7 Page 7 Resilient modulus for mean stress = 200 kpa (MPa) Dry density (kg/dm3) Gyrator Vibratory table Vibratory table Impact hammer Figure 4 Resilient modulus as a function of dry density It seems clear from Figure 3 that there is a correlation between the dry density of the samples and the resilient modulus. However, the different compaction methods seem to give similar values for resilient modulus. The differences observed are smaller than scatter for cyclic triaxial testing on this type of material. 5.2 Permanent deformation behaviour Characterisation of a materials resistance against permanent deformations is not straightforward. Several procedures for laboratory testing and interpretation have been proposed. One obvious problem is that the development of permanent deformation is highly dependent on the load history. This means that a new sample should be used for every topical single stress condition. However, this would lead to an unpractical and expensive testing program; the material is exposed to a wide range of stress conditions at different locations in a pavement structure. To reduce the number of tests, a multistage procedure has been developed. This procedure is now adopted in the EN-standard for cyclic triaxial testing. Figure 5 shows the development of permanent axial strain for one load sequence for one of the samples compacted with vibratory table. A similar response is recorded for the other four load sequences applied to the same sample.

8 Page 8 Permanent axial strain (o/oo) Time (sec) Figure 5 Development of permanent axial strain for one sequence Each load step are then analysed to determine if the material is in one of the following stages: A Almost purely elastic response B Some permanent deformation, but stabilizes towards the end of the step C Incremental failure Obviously the development of permanent deformations is faster in the beginning of a load step than at the end. The average strain rate (strain per pulse) for the last cycles in each step has been used to limit the different stages. The limits used correspond to what Werkmeister [Werkmeister 2003] proposed using an average strain rate for cycle to Table 4 Limits between permanent deformation regions p ε& Category A p 7 ε& Category B p 7 ε& > 1.0 Category C 1 10 All steps were characterized in this way and plotted in a deviatoric stress vs. confining stress diagram (Figure 6). Then best fit lines for the boundary between the different stages could be found using the Mohr Coloumb parameters (apparent attraction a and friction angle φ failure and ρ elastic limit.) Because the difference in a was relatively small, the tests were reinterpreted using a fixed value for a to make it easier to visualize the differences between the different compaction methods. The results are illustrated in Figures 7 and 8.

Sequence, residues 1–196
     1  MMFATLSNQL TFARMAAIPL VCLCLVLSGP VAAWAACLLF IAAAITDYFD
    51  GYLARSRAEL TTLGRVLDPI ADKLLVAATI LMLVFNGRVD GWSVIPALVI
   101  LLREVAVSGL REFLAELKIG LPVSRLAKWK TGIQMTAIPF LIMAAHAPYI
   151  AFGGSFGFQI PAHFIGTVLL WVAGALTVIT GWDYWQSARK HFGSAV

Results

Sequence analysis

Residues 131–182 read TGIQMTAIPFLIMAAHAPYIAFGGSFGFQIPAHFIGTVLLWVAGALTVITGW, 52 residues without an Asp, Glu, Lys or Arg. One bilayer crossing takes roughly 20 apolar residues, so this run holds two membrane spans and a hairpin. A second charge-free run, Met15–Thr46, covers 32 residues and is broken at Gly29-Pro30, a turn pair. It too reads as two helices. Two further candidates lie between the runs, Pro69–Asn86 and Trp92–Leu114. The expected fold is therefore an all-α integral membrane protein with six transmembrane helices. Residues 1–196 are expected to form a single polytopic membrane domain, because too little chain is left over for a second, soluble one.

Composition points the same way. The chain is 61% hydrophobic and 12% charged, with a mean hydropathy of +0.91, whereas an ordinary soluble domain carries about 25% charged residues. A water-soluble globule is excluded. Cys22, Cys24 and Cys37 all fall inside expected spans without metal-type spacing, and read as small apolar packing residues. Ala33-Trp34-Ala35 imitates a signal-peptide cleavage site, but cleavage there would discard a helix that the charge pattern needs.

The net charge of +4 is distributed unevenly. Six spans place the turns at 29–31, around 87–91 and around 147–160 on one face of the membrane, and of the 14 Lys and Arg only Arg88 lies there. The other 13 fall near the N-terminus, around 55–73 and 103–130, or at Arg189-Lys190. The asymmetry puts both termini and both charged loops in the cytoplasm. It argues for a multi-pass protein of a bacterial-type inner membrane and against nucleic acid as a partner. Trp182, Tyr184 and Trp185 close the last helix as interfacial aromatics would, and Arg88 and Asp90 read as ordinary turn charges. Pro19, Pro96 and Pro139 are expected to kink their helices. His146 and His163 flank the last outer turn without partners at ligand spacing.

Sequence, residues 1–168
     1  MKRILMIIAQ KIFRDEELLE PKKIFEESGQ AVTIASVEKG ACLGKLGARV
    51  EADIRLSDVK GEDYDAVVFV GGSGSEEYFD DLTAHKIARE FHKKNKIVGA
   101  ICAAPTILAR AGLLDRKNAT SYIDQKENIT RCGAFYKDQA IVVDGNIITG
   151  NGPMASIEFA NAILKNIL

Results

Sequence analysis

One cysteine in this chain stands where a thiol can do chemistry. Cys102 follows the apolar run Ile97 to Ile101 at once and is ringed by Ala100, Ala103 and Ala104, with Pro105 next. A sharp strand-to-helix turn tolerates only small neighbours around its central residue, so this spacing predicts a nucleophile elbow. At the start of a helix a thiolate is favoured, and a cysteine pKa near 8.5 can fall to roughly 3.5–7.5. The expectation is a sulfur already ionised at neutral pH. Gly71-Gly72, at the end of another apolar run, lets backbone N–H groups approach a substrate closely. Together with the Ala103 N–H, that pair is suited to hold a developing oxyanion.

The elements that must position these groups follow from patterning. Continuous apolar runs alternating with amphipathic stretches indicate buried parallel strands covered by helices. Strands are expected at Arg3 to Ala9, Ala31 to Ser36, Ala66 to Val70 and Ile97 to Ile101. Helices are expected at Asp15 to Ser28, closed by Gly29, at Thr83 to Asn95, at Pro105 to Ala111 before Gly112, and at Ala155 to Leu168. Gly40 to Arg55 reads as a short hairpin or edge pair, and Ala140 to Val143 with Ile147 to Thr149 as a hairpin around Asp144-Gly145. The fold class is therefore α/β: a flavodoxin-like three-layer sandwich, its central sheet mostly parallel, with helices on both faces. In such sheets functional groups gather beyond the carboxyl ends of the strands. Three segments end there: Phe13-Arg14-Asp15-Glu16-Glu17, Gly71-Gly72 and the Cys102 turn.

9 Page Deviatoric stress (kpa) Confining pressure (kpa) Figure 6 Determination of failure and elastic limit lines Failure angle (sin φ ) Density (kg/dm 3 ) Gyrator Vibratory hammer Vibratory table Impact hammer Figure 7 Failure limit angel interpreted using a=15 kpa for all samples

10 Page Elastic limit angle (sin ρ ) Gyrator Vibratory hammer Vibratory table Impact hammer Density (kg/m 3 ) Figure 8 Elastic limit angle interpreted using a=15 kpa for all samples 6 CONCLUSIONS The tests show that different compaction methods can give different resistance against permanent deformation for samples compacted to the same dry density. Samples compacted using the Modified Proctor hammer show less resistance to permanent deformation compared to the samples compacted with one of the two methods based on vibration. It should be noted that this observation is only valid for this specific material and it is possible that ranking between the different method could be different for other materials or other conditions. However, it is likely that different compaction methods will produce significantly different results also for other materials. A more trivial conclusion is that both the resilient modulus and the resistance against permanent deformation increase with increasing compaction effort. 7 REFERENCES CEN EN Unbound and hydraulically bound mixtures Part 7: Cyclic triaxial test for unbound granular materials Werkmeister, S. Permanent Deformation Behaviour of Unbound Granular Materials in Pavement Constructions Dr. thesis. Der Fakultät Bauingenieurwesen der Technischen Universität Dresden 10. Februar 2003 Hoff, I. Material Properties of Unbound Aggregates for Pavement Structures

11 Page 11 Dr. thesis Norwegian University of Science and Technology. Trondheim, 1999 Hoff, I. GARAP - Improvement of equipment for cyclic triaxial testing SINTEF report STF22 O04321 Trondheim 2004 Hoff, I and Bakløkk, L.J. Materialegenskaper for grus- og pukkmaterialer SINTEF report STF22 A98459 (Delprosjektrapport KPG 18) October 1998